Providing philanthropic opportunities is also a key area that the luxury sector can support. For example, luxury travel providers can create opportunities for travellers to participate in philanthropic efforts, such as supporting local schools or community projects, or contributing to environmental conservation efforts.
What is new and cool in Thailand?
There are lots of new hotels across the country from trendy brands like The Standard to luxury names such like Four Seasons and many independent boutique hotels too – so much choice.
The Michelin Guide – is great for exploring Thai cuisine and sampling high-quality international food – from fine dining to street food the Michelin Guide is showcasing new areas and ways to explore Thailand. This year we’ve been promoting the easter region of Isan and next year we will launch Koh Samui to join Bangkok, Chiang Mai, Phuket and Phang Nga guides.
Wellness is a big focus. More of us are health-conscious and Thailand has always led the way in wellness tourism and spas. With many new resorts recently opening including Rakxa Bangkok and Aleenta Chiang Mai (read our guide to the best luxury hotels in Thailand here). From spas to wellness, yoga retreats, and medical tourism – Thailand is the perfect destination for health and rejuvenation with new retreats for post Covid health recovery and mental health.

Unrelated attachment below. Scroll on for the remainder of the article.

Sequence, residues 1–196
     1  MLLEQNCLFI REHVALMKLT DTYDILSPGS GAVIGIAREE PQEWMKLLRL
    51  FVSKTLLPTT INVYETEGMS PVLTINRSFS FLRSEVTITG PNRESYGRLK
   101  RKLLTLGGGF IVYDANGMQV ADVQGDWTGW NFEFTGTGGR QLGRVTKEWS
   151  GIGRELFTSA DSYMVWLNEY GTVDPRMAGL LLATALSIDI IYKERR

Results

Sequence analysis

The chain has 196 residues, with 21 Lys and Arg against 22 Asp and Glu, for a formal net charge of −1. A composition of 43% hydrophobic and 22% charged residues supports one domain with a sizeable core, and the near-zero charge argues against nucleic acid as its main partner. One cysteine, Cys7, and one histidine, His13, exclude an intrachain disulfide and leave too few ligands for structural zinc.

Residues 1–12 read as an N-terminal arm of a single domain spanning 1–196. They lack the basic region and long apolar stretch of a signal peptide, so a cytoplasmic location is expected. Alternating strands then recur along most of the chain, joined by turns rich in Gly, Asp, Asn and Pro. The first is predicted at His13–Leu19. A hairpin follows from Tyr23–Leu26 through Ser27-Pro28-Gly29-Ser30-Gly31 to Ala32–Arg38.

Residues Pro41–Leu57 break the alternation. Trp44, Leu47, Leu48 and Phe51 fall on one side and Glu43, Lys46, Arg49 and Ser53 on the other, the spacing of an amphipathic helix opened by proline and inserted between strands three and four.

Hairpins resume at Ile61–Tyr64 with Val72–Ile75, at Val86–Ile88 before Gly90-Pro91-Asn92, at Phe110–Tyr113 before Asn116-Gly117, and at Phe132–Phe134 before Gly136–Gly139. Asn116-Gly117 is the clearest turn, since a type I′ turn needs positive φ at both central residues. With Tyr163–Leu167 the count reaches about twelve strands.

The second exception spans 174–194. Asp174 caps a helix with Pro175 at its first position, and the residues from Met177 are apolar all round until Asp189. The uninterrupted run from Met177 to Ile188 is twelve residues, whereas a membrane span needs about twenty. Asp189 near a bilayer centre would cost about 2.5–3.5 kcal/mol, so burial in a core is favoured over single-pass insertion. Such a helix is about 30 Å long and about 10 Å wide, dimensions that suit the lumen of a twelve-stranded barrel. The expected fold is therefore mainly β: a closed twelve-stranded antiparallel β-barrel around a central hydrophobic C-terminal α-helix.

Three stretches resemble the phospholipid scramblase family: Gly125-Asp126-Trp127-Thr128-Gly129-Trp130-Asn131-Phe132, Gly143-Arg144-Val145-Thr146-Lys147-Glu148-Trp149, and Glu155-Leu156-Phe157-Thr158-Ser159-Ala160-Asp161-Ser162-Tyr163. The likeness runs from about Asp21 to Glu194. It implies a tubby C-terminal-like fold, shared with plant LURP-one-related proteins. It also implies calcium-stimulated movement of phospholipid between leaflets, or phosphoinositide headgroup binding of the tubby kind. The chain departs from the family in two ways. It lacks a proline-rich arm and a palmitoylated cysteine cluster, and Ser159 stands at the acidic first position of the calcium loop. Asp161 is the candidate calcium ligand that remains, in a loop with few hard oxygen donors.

We have also partnered with Netflix to launch thailandtravelmap.com which is a really fun way to explore Thailand through your favourite Netflix shows and of course, Thailand is a popular destination for many reality TV programs such as The Only Way is Essex, Married at First Sight, Real Housewives and The Bachelor and we have more film crews coming to Thailand this year so watch your screens! The White Lotus is rumoured to be filming series 3 in Thailand which is really exciting.
Luxury is a highly subjective term – what does it mean to you personally?
For me, luxury is ‘time for yourself’. In a fast-paced and busy world, we rarely find time to nourish ourselves. Time to relax, enjoy my hobbies, spend time with my family and travel and experience new things is my greatest luxury.
You are retiring this year – what legacy will you leave?
My legacy will be the Sustainable Tourism Goals. I am proud of what we have achieved so far and I very much look forward to watching the tourism industry in Thailand, particularly from a sustainability perspective, grow and flourish.
Finally, what is your life motto? If you have one.
Firstly, have courage and be kind. And have the courage of your conviction – you may encounter many defeats in life but don’t be defeated – always ensure you learn from your mistakes.